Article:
Earlier this year, the Department for Transport (DfT) published its draft Accessibility Action Plan, outlining its plans to improve the accessibility of our transport system. The draft is open for consultation until the 15th of November.
The publication of this Accessibility Action Plan follows the appointment of Paul Maynard as Minister for accessibility.
Overall, the appointment of a Minister for Accessibility and the production of a joined up plan for access are positive developments.
The document correctly identifies many of the issues Disabled and older people face and outlines plans on a broad range of access topics – from roads and streets to air travel. One of the headline announcements is the DfT’s intention to seek additional funding for Access for All rail projects – over the last year we have been campaigning against delayed Access for All projects so its encouraging to see positive news in this area.
However, in many areas the action plan simply contains call to evidence or plans to review guidance.
At TfA we believe that the accessibility action plan could go much further. We need the DfT to:
Regulate, don’t just produce guidance
Too many of the of the features Disabled people need to do something as simple as walk down their street are only outlined in guidance. We need to be able to hold service providers to account to a high national standard for accessibility.
Monitor and enforce
It is not enough to just require transport providers to produce accessibility policies the DfT, through organisations like the ORR must monitor their effectiveness and penalise transport operating companies who are failing Disabled and older people.
National training standards required on every mode
It’s positive that the AAP highlights the importance of Disability awareness training. Well trained staff can help Disabled and older people overcome many of the barriers they face on the transport network. However, training standards vary wildly – the Government should support Disabled People’s Organisations to develop a national standard of Disability Equality Training and require all transport operators to provide it to frontline staff.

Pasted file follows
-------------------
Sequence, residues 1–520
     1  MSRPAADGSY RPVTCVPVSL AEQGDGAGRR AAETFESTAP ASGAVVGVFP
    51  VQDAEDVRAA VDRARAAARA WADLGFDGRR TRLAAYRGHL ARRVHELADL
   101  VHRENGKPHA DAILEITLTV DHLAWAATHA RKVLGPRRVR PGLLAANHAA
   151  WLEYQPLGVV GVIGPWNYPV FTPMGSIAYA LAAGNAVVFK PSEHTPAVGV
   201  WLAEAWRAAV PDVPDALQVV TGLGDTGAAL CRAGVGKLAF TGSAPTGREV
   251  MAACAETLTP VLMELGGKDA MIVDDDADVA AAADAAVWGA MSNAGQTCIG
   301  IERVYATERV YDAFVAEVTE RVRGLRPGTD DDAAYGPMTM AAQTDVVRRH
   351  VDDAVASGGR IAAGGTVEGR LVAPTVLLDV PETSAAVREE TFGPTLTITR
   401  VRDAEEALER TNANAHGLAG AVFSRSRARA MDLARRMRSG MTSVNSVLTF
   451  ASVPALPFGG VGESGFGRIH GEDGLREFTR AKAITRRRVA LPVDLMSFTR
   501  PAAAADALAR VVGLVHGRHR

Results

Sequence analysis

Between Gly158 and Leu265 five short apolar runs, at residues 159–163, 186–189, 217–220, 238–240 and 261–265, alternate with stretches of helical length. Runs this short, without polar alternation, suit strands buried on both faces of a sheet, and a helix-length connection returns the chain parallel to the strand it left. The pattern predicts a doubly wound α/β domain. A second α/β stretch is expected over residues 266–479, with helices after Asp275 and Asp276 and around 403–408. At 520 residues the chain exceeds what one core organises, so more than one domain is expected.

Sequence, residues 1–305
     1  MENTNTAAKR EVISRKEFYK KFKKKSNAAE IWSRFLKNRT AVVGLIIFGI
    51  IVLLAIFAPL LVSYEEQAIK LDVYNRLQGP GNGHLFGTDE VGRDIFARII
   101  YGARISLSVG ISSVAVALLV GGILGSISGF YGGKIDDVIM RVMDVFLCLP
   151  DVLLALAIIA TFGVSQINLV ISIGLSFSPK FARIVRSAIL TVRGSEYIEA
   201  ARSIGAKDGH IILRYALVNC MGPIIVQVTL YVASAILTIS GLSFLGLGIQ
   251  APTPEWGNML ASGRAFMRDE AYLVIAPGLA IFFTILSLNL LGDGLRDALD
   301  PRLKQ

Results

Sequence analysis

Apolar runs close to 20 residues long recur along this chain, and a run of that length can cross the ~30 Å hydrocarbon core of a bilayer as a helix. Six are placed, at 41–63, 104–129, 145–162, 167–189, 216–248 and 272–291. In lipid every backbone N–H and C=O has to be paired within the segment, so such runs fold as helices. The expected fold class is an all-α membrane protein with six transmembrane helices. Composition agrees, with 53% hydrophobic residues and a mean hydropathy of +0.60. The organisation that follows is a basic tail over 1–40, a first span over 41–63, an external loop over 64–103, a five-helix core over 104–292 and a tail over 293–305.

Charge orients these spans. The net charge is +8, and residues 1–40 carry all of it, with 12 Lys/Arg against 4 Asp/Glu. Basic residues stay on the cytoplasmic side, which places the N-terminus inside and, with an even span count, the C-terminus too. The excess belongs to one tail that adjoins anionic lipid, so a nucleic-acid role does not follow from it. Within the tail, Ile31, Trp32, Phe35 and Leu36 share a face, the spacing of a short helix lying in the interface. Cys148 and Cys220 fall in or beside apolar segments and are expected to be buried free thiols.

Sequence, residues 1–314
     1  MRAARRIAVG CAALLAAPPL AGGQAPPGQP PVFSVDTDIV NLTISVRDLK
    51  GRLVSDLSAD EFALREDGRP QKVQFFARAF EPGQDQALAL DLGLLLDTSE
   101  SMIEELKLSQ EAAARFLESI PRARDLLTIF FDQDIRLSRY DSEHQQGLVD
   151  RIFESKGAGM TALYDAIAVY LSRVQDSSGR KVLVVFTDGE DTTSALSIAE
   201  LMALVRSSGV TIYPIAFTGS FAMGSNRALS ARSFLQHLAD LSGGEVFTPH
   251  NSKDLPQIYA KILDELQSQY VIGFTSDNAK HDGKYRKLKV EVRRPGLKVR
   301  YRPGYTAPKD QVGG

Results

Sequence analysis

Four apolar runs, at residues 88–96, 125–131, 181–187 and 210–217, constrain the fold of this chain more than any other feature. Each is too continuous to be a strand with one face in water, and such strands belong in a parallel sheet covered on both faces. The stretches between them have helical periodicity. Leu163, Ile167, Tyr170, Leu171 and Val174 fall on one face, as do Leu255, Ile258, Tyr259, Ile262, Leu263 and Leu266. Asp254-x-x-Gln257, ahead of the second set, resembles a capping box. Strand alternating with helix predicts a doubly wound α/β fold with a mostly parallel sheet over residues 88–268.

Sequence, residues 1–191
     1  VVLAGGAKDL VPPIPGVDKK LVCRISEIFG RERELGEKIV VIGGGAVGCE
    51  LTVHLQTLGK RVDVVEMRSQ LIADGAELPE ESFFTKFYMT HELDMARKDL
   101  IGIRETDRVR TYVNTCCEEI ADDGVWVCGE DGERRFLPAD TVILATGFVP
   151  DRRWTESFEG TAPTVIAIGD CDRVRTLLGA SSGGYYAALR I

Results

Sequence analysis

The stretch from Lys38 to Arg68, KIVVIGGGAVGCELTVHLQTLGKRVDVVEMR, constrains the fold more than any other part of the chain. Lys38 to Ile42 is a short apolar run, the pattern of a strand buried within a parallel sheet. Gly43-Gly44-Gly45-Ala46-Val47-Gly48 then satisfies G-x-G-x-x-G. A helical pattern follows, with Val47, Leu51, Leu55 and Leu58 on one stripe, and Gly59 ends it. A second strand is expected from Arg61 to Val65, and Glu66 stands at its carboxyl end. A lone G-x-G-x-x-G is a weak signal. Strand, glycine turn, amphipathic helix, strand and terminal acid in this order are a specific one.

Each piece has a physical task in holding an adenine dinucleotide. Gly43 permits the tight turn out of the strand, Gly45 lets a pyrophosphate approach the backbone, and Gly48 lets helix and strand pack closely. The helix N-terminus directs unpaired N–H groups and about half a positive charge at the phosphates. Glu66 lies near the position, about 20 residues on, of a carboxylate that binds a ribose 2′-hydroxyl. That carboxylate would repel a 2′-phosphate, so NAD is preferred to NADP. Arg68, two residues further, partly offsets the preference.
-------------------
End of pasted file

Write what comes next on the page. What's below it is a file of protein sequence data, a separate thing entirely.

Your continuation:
Facilitate complaints and legal cases
Currently it is far too difficult for Disabled and older people to take action against transport providers that have let them down. It is positive that the DfT is looking to promote Alternative Dispute Resolution mechanisms. However, it must be independent to ensure it acts in the best interests of transport users. We would also like to see more accessible, external complaints processes for all modes of transport and for the DfT to work with the Department of Justice to protect Disabled people from costs when they take cases under the Equality Act.
Take action – Send your answer
This plan will help to shape the future of access in our transport system for years to come so we need as many Disabled and older people as possible to respond to the strategy and urge the Government to take clear action on access.
Transport for All will of course respond to this consultation. If you would like to contribute to our answer, please email us your feedback by Wednesday 25th October: firstname.lastname@example.org